Claiming a compulsory portion – what you should know

Claiming the compulsory portion is often necessary after a disinheritance if heirs do not want to fulfill the compulsory portion claim or want to pay out too small a share of the value of the estate.

But who is entitled to the compulsory portion? Who can sue for the compulsory portion? And how does this claim work? We provide answers to these and other questions in this article!

When are you “disinherited”?

In principle, only those who have been disinherited are entitled to the “compulsory portion”.

Only a legal heir can be disinherited: If a legal heir is excluded as an heir by the testator, e.g. in the will, he or she is disinherited.

Important! Anyone who is not a legal heir and was named as an heir in a will, but not in a later will, has not been “disinherited”.

However, disinheritance does not have to be expressly formulated. There does not have to be a sentence in the will such as: “I hereby disinherit my son/my wife.” It is sufficient for the testator to expressly name other persons as heirs.

Example: If a man names his children as his heirs in his will and leaves his wife unmentioned, the wife is generally disinherited by this testamentary disposition of the husband. According to the law, the wife would be a legal heir alongside the children. However, the will overrides the statutory succession and the children inherit alone.

In individual cases, partial disinheritance may also be sufficient. This is because claims under compulsory portion law always come into consideration if a person entitled to a statutory inheritance receives less than half the value of their statutory inheritance share.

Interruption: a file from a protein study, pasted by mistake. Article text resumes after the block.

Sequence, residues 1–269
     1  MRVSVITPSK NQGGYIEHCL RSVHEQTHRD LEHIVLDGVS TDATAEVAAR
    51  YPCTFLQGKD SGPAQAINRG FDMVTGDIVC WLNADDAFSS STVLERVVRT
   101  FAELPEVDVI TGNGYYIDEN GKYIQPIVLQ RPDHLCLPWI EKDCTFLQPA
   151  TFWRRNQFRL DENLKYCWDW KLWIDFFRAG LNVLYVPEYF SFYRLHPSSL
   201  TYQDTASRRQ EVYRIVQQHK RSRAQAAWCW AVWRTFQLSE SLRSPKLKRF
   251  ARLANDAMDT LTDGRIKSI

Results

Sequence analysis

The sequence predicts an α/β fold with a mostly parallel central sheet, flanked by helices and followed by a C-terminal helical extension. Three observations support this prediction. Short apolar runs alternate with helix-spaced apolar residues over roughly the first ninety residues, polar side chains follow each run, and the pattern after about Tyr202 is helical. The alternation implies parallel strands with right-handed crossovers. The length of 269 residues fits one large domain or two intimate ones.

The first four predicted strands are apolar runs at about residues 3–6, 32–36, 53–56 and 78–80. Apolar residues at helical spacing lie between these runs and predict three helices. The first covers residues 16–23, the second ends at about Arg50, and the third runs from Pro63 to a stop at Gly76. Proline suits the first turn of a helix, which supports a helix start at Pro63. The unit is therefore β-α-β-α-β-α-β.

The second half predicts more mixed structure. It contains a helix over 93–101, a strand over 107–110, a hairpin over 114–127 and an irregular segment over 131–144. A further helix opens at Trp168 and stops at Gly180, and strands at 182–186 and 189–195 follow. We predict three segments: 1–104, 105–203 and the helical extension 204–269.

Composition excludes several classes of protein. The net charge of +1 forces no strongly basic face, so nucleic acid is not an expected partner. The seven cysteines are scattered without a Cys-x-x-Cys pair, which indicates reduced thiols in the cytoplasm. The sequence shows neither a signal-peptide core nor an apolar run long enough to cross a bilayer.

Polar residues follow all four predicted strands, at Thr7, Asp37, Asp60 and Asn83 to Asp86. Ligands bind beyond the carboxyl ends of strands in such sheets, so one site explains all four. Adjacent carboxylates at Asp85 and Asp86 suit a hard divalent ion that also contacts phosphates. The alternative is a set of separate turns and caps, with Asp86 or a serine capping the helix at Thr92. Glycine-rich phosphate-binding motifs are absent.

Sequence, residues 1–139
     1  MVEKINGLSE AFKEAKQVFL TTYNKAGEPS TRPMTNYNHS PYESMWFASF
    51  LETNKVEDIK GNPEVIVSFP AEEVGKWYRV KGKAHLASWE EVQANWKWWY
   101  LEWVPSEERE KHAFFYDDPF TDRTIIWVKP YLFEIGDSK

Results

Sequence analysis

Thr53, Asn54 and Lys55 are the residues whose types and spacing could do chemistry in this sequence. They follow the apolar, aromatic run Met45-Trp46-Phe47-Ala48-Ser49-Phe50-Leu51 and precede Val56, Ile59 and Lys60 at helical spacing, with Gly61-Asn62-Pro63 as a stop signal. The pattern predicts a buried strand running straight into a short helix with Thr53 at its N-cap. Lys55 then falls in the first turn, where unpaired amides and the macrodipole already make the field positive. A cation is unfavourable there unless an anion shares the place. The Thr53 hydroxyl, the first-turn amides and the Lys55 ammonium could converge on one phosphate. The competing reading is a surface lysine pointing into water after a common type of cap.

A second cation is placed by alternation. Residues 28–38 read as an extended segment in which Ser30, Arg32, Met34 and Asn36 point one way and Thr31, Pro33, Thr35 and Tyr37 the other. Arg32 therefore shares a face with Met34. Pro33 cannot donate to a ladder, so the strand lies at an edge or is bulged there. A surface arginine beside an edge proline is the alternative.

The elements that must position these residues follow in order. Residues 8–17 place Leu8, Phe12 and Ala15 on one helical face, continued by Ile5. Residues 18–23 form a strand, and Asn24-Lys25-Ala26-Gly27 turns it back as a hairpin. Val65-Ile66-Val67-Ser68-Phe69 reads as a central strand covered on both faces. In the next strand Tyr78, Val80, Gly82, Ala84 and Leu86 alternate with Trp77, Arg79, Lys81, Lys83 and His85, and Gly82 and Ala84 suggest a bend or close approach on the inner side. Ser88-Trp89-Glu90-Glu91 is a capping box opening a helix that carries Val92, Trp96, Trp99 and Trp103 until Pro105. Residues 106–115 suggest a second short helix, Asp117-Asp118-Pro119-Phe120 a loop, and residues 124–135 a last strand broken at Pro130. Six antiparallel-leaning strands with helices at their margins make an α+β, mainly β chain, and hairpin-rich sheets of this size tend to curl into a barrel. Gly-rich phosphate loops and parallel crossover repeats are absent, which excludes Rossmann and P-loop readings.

Who can sue for the compulsory portion?

The group of persons who can claim the compulsory portion is limited to those entitled to the compulsory portion. Section 2303 of the German Civil Code (BGB) regulates who is entitled to the compulsory portion and can therefore sue for it in case of doubt:

“Descendants” are those entitled to a compulsory portion – i.e. children, grandchildren and great-grandchildren of the deceased person. However, parents and the spouse can also have a claim to a compulsory portion and sue for it.

What is the compulsory portion and how much is the compulsory portion claim?

The “compulsory portion” is a claim to a compulsory portion. This claim is the right of the disinherited person to demand a certain amount from the heirs. The claim is purely a payment claim. The amount of the payment is generally based on the compulsory portion (= half of the statutory inheritance share) and the value of the estate.

Example: If the wife in the example above had inherited EUR 500,000 as a statutory heir, she now has a claim to a compulsory portion of EUR 250,000 instead.

The disinherited persons can assert this claim to a compulsory portion against the heirs or the community of heirs. They can therefore request the heirs to pay out the compulsory portion.

Important: Certain items from the inheritance, e.g. jewelry or memorabilia, are not part of the compulsory portion. Only payment can be demanded.